The new Netflix offering from Mark Wahlberg and Peter Berg could have been a fun B-movie adventure, but doesn’t establish its characters and underuses its talent.
Those unfamiliar with Robert B. Parker’s Spenser series of detective novels—or the 1980s TV show “Spenser: For Hire”—likely won’t be inspired to check them out by the new Netflix offering “Spenser Confidential.”
Loosely based on those characters and the Ace Atkins novel “Wonderland,” the latest effort from Mark Wahlberg’s Closest to the Hole Productions offers Wahlberg’s classic Boston seasoning. He and director Peter Berg have built a relationship that spawned critically acclaimed films such as “Lone Survivor,” “Deepwater Horizon” and “Patriots Day.”
But after the lackluster “Mile 22,” the duo decided to take their talents to Netflix in hopes of creating a franchise for the streaming platform. Spenser Confidential may show Berg’s and Wahlberg’s chemistry has all dried up.
Wahlberg stars as the protagonist Spenser, an ex-cop fresh out of a five-year prison sentence for the assault of his former captain, John Boylan. Spenser, ready to leave Boston behind to be a truck driver in Arizona, has his plans thrown out the window when Boylan is brutally murdered and another cop is blamed for it.
Spenser, forced to investigate the case after he is eyed as a top suspect, enlists the help of his boxing mentor (Alan Arkin), a hotheaded roommate (Winston Duke) and his ill-tempered ex-girlfriend (Iliza Shlesinger) in a desperate attempt to clear their names and solve a massive corruption scandal.
“Spenser Confidential” has all the ingredients for a good action comedy, but screws up on chemistry and narrative storytelling. Much of the first act plays out like a book with its chapters out of order, surprising for a film based on a novel. The erratic storytelling begins with a flashback about how Spenser ended up in prison, with no context. He later returns home to a city and police force that hates him. Then, the film detours into a crime mystery without establishing any of Spenser’s supporting cast. When they do finally establish those characters, the audience is already detached from the central story.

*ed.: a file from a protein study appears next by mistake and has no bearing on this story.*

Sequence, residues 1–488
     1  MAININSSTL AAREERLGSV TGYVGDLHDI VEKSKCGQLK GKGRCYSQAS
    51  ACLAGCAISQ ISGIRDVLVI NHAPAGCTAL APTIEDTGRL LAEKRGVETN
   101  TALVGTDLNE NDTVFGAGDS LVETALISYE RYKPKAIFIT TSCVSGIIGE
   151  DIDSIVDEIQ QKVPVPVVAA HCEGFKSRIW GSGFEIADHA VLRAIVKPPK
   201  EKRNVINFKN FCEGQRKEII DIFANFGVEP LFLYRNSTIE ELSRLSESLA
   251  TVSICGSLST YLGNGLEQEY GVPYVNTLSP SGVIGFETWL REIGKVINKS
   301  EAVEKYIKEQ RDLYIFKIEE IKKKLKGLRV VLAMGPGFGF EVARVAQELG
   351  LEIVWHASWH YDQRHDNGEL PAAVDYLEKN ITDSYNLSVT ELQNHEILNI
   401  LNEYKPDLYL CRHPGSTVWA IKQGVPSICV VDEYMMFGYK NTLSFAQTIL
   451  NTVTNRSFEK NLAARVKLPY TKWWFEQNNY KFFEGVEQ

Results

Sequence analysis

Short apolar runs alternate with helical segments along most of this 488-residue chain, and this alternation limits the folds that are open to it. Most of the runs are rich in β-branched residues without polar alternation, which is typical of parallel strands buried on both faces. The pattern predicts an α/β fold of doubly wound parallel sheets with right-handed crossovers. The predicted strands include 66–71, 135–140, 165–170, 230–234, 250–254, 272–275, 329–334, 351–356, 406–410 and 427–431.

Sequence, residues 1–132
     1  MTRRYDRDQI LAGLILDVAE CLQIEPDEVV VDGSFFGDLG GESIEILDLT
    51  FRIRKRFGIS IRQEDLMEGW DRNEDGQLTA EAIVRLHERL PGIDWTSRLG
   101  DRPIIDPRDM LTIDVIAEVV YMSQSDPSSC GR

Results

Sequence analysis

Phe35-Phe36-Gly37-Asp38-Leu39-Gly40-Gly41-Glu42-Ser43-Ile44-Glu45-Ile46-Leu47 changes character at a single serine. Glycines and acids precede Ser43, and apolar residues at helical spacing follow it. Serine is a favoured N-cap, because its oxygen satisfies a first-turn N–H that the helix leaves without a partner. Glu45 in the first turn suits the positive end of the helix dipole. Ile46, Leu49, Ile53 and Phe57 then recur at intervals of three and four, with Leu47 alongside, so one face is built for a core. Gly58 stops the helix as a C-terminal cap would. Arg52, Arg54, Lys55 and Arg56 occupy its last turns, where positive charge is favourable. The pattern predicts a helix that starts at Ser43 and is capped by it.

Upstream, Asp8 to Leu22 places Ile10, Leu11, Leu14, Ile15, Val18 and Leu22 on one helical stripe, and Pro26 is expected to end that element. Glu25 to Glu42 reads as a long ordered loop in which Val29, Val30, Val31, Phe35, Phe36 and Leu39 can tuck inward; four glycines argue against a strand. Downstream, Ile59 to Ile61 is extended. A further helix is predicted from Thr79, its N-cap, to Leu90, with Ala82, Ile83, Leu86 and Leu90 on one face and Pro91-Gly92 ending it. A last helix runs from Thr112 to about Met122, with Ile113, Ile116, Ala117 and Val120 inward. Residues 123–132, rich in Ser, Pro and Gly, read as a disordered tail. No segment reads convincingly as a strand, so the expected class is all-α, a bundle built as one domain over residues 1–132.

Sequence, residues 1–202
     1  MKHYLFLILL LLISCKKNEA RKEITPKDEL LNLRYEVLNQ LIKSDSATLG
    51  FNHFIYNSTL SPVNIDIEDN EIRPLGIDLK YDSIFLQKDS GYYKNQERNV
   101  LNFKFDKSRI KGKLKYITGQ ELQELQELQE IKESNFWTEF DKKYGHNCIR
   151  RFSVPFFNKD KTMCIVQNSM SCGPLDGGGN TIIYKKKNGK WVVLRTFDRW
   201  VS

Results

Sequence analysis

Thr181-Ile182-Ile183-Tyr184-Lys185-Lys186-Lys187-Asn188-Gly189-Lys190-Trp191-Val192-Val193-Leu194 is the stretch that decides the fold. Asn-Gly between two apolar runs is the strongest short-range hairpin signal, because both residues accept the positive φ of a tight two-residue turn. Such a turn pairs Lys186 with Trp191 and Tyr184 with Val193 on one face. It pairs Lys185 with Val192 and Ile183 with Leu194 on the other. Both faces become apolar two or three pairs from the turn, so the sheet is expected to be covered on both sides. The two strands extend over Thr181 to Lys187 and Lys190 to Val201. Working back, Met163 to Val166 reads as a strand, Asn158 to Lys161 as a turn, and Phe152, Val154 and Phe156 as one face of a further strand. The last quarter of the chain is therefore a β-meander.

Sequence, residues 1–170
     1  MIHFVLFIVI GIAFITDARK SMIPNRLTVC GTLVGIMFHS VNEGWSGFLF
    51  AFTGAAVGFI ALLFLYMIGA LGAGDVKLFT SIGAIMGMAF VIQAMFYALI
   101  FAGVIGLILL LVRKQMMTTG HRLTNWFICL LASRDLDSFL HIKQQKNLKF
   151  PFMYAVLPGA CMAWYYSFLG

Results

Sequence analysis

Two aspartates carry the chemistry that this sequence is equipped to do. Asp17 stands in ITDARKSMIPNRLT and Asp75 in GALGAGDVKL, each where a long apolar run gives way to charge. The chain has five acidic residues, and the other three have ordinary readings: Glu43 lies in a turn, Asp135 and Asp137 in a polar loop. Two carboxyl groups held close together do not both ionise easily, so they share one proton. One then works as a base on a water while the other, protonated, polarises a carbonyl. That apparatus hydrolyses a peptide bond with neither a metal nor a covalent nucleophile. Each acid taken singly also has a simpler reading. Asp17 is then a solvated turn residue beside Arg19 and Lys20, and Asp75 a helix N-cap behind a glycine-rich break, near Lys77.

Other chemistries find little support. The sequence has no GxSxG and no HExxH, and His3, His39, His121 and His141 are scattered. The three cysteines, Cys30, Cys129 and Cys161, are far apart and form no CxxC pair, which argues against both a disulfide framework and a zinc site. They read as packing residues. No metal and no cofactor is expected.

Despite being on the poster as Wahlberg’s partner in crime, Winston Duke’s character Hawk is underdeveloped and completely out of place. Hawk is introduced as Spenser’s roommate and an up-and-coming mixed martial arts fighter, but that is where the character development ends. As the film progresses, Hawk’s character fades out of the story and feels shoehorned in when he returns. The film sets up character traits for Hawk that never pay off, and the lack of chemistry between Wahlberg and Duke highlights some of the film’s biggest issues in telling an engaging story.
Shlesinger’s Cissy, stereotypically painted as Spenser’s crazy ex with a strong Boston accent, is introduced early but offers the plot little. Cissy takes a backseat throughout the story, disappearing from the film until it’s time for a oddly placed sex scene.
One bright spot is Alan Arkin, playing a stubborn old boxing coach and Spenser’s only friend. Arkin’s acting is so far ahead of his co-stars, he sticks out like a sore thumb in a good way.
The poor characters are magnified by a convoluted story. The twists and turns of this whodunit are telegraphed far too early in the story, leaving little doubt who the bad guys are. The lack of depth behind our villain’s motivation makes the character cartoonish and one-note, and highlights the lack of surprise.
The film could have offered enough fun to end up a wacky B-movie adventure, but doesn’t deliver. “Spenser Confidential,” available on Netflix, is guilty of underusing its talent and telling a story that barely seems fit for a streaming service.
See Or Skip: “Spenser Confidential” is the first film by the duo Peter Berg and Mark Wahlberg that is a misstep from start to finish.